Randy Lee talked prospects recently (view the Nichols stenography service): the attempt to sign Colin White (who has signed an ATO with Binghamton), the team is bringing Christian Jaros and Marcus Hogberg over from Europe next season as well (they’ll help a lot), and Ben Harpur being the next Bobby Orr; an fyi to Nichols if he’s reading: Randy Lee thinks players fighting is a sign of character.  I’d expect Cody Donaghey to be signed as well–he came over in the Dion Phaneuf trade and the system needs defensemen.  The org doesn’t need to make any other decisions on signing prospects.

It has been awhile since my last prospect update; regular seasons have ended; here’s a look at how Sens prospects are doing (sorted by league and arranged by points-per-game):

CHL
Filip Chlapik (Charlottetown; 2-48/15) 57-34-57-91 (1.59)
Finished first in scoring on his team, although he’s behind teammate (and Penguin pick) Daniel Sprong in PPG (who is also the only player in the Q with a higher PPG, albeit Chlapik’s production has been slipping lately)
Thomas Chabot (Saint John; 1-18/15) 34-10-35-45 (1.32)
Lead the league in PPG by a defenseman
Logan Brown (Windsor; 1-11/16) 35-14-26-40 (1.14)
Finished second on his team in PPG (behind Gabriel Vilardi), and 24th in the league in PPG
Filip Ahl (Regina; 4-109/15) 54-28-50-48 (0.88)
Finished seventh in points and PPG on the high flying Pats
Cody Donaghey (Charlottetown/Sherbrooke; T-16) 52-11-29-40 (0.76)
First in points and PPG among defensemen on his team; tied for 10th overall in the Q; has much lower production with Sherbrooke (0.33)
Maxime Lajoie (Swift Current; 5-133/16) 68-7-35-42 (0.63)
Finished second in points and PPG among blueliners (behind Artyom Minulin); he’s 25th overall in the WHL

NCAA
Colin White (Boston; 1-21/15, sophomore) 33-16-17-33 (1.00)
First in PPG
Robert Baillargeon (Arizona; 5-136/12, senior) 28-9-12-21 (0.75)
Finished ahead of Anthony Croston for the PPG lead (he was not signed)
Christian Wolanin (North Dakota; 4-107/15, sophomore) 37-6-16-22 (0.59)
Well behind Jet-pick Tucker Poolman for points and PPG among blueliners
Chris Leblanc (Merrimack; 6-161/13, senior) 27-5-10-15 (0.55)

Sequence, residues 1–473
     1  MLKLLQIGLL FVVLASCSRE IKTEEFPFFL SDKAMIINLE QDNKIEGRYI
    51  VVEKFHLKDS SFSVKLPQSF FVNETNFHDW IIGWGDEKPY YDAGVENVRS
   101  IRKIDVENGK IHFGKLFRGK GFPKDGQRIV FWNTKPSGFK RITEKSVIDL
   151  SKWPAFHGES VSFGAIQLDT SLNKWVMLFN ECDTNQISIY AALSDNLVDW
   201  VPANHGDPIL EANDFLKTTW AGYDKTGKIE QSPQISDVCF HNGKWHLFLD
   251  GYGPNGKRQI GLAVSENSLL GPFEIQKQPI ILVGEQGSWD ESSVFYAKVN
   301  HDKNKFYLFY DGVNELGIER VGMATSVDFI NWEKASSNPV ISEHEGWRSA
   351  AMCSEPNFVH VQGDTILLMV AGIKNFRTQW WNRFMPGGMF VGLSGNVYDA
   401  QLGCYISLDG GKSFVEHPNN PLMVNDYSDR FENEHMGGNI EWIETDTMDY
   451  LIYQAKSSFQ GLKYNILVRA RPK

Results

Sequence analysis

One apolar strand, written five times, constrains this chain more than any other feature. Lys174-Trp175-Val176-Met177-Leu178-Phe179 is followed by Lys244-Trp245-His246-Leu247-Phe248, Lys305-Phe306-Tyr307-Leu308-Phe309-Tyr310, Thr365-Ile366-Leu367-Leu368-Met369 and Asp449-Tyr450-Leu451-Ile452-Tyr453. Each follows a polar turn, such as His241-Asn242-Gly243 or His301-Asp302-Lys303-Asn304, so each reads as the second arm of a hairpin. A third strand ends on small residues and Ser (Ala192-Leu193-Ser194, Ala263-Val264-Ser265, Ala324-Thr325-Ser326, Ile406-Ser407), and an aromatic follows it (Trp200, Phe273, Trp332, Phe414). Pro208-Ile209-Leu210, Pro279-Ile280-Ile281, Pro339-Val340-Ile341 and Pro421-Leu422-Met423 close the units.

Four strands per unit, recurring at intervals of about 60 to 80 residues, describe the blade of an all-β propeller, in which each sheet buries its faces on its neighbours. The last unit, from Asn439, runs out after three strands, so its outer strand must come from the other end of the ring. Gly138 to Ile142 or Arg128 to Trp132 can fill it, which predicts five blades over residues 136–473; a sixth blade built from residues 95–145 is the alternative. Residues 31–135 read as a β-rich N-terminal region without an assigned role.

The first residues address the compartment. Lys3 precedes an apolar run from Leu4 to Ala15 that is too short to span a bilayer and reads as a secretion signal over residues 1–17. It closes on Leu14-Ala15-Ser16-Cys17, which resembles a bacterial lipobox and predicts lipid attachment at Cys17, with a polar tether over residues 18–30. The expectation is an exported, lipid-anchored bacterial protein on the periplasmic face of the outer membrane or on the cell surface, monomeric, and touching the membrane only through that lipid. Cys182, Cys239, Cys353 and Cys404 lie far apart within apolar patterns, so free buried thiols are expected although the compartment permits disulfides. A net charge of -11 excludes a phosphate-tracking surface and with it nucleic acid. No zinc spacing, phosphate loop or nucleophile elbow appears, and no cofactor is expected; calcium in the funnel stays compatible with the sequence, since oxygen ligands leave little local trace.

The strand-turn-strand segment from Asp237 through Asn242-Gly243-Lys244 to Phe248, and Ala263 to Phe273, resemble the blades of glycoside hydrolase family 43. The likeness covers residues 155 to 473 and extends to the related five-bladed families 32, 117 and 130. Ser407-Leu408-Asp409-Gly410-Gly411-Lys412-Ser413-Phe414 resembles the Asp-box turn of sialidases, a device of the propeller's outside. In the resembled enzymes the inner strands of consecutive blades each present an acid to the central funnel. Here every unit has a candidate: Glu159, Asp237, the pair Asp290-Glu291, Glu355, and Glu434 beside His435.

Finished 7th on the team in scoring and 6th in PPG; signed an ATO with Binghamton
Shane Eiserman (New Hampshire; 4-100/14, junior) 27-5-8-13 (0.48)
Finished ninth in scoring and seventh in PPG
Kelly Summers (Clarkson; 7-189/14, junior) 39-3-14-17 (0.43)
Finished third on the team in PPG among blueliners (well behind Detroit pick James De Haas)
Miles Gendron (Connecticut; 3-70/14, sophomore) 36-4-7-11 (0.30)
Finished second in scoring and third in PPG among blueliners
Todd Burgess (RPI; 4-103/16, freshman) (injured)
Joel Daccord (Arizona; 7-199/15, freshman) 3-8-1 4.03 .892
Finished second in both GAA and save percentage

Europe
Christian Jaros (Lulea; 5-139/15) 36-5-8-13 (0.36)
Finished fourth in scoring among blueliners, but is tied with three other players in PPG (second among players 21 and under behind the undrafted Sebastian Aho); his season is over
Markus Nurmi (TPS Jr/TPS/TUTO; 6-163/16) 27-12-16-28 (1.03); 5-0-0-0; 11-2-0-2 (0.18)
After playing his way out of the junior system he bounced from the Liiga parent team to TUTO in the Mestis (the Finnish second division); he’s the only teenage forward on the team and played limited minutes
Marcus Hogberg (Linkoping; 3-78/13) 19-14-0 1.89 .931
He finished fourth in the league in save percentage and well ahead of his partner in both categories; was second to Islander pick Linus Soderstrom in both categories among those in his age group

travisyost

Travis Yost looks at the defining characteristics of a Cup contender and concludes good offence along with goaltending are what matter most (as opposed to the usual conventional wisdom about great defense).

This article is written by Peter Levi (@eyeonthesens)